The difficulty, as many of you have seen, comes when the stock is several dollars below the strike price you were assigned at, and keeps dropping. Selling out of the money call options is going to help you lower your cost basis, sure – but the further the stock drops, the less likely you are to get any premium of real value from any strike price that is close to, much less above, that net cost. That means that to write a new covered call, you have to be willing to sell a lower strike price and run the risk of a reversal that could call you out of the trade before you’re really ready to. So what do you do?

My answer is actually pretty subjective: sometimes I’ll go ahead and write a covered call, and sometimes I don’t. While some parts of my decision-making process in this situation are based around analytics, others are based around nothing more than my gut instinct. I’ll give you a couple of examples from my historical trades to illustrate.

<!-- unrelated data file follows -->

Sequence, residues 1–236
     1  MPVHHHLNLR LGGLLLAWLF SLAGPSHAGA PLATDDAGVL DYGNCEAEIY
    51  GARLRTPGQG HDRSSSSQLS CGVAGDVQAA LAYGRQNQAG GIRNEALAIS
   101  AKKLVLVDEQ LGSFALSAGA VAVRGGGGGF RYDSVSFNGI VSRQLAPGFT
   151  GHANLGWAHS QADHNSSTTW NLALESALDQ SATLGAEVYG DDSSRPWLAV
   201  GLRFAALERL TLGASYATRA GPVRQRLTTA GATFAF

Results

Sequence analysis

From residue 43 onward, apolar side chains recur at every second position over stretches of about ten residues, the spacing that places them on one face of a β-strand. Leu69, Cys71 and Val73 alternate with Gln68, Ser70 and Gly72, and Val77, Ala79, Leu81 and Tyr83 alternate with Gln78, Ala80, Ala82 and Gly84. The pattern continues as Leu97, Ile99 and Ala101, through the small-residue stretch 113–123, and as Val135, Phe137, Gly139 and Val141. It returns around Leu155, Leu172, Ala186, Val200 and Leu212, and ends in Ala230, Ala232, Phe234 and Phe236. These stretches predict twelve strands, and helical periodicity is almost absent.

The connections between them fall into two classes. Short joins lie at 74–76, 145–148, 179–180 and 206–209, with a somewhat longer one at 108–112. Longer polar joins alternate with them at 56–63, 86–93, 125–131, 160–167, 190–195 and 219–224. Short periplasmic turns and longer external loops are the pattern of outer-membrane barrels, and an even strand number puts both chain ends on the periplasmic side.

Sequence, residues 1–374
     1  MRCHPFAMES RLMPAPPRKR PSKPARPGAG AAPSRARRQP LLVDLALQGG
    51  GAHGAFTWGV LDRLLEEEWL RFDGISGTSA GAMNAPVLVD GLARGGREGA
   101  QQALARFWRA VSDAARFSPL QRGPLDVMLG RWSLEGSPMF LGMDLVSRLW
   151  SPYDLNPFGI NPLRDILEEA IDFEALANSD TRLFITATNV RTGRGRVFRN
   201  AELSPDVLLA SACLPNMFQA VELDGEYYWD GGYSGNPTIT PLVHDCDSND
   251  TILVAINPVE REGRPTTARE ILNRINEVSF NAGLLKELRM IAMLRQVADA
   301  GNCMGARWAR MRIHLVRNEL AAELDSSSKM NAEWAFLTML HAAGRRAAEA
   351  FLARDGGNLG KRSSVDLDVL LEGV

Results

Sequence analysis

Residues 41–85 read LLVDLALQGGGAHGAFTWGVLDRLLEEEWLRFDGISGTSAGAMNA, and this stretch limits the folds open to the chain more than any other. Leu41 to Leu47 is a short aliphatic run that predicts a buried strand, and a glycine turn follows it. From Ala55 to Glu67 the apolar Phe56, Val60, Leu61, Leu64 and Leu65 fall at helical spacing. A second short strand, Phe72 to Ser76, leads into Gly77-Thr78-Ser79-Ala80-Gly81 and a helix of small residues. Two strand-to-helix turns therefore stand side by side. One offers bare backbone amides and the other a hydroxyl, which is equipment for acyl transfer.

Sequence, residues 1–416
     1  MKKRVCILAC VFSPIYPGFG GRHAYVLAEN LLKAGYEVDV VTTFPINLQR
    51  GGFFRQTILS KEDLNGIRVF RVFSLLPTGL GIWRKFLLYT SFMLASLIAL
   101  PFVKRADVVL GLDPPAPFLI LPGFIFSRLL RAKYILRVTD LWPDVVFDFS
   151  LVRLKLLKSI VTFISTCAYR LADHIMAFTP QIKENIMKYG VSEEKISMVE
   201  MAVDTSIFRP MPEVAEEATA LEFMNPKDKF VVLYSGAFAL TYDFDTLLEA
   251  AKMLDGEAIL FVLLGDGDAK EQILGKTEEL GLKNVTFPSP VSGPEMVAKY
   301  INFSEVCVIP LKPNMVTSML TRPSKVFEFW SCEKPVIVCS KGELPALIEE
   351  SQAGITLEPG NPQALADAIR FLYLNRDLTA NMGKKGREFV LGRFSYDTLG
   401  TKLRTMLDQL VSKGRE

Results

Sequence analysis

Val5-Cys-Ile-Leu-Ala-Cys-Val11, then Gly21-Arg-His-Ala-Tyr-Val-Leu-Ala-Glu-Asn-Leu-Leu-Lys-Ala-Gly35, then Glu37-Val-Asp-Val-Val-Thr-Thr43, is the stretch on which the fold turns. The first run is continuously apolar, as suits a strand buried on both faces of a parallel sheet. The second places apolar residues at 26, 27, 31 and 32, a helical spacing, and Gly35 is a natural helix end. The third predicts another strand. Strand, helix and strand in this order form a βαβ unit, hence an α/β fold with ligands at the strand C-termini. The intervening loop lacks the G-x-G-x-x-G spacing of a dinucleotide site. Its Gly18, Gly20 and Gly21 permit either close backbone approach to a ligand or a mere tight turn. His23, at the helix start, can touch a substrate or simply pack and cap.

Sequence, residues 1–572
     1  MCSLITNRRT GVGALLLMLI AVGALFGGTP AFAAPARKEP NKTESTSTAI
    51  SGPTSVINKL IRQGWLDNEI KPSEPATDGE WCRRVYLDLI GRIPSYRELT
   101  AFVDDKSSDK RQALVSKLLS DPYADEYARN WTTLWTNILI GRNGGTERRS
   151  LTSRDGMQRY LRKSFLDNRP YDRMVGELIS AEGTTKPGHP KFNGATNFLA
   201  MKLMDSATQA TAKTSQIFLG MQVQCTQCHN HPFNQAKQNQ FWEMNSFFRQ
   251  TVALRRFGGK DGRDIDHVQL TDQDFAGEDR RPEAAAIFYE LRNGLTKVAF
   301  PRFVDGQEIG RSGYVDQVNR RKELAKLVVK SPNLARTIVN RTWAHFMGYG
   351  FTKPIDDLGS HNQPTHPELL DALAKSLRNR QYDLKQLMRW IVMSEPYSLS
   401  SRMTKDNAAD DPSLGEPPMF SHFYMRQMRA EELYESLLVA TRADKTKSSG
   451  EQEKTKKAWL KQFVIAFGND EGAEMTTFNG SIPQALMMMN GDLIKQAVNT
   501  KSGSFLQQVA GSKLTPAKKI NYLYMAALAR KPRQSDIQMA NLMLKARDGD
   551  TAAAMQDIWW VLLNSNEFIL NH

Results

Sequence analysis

On November 18, 2014, I sold a put on SLCA with a strike price of $41 per share. The trade covered a month, and at expiration the stock was at $28.41. I was assigned the stock at $41 on December 19th; my net cost in the position at that point was $39.50 per share. The stock was still dropping almost in parallel with oil prices, and although the stock rallied a couple of dollars from a low around $23 in late December, it reversed again and started back down. On December 29, 2014, I sold a covered call for 18 days on my shares, this time with a strike price of $29. I was taking a risk at that point, but with the strength of the downward trend, and few signs of a recovery in oil led me to believe the stock wouldn’t be likely to get above that price. Turns out I was right – the stock found a low at $27.50 before reversing. The picture really only got worse from there – the stock dropped as low as $14 on multiple occasions before finally rebounding in summer  2016 – almost two years later – to approach my original purchase price.  I sold a covered call on the stock at $41 in August 2016, and was called out of the position at that point. That allowed me close the trade at a net profit; but it required two years of patience and vigilance before it happened.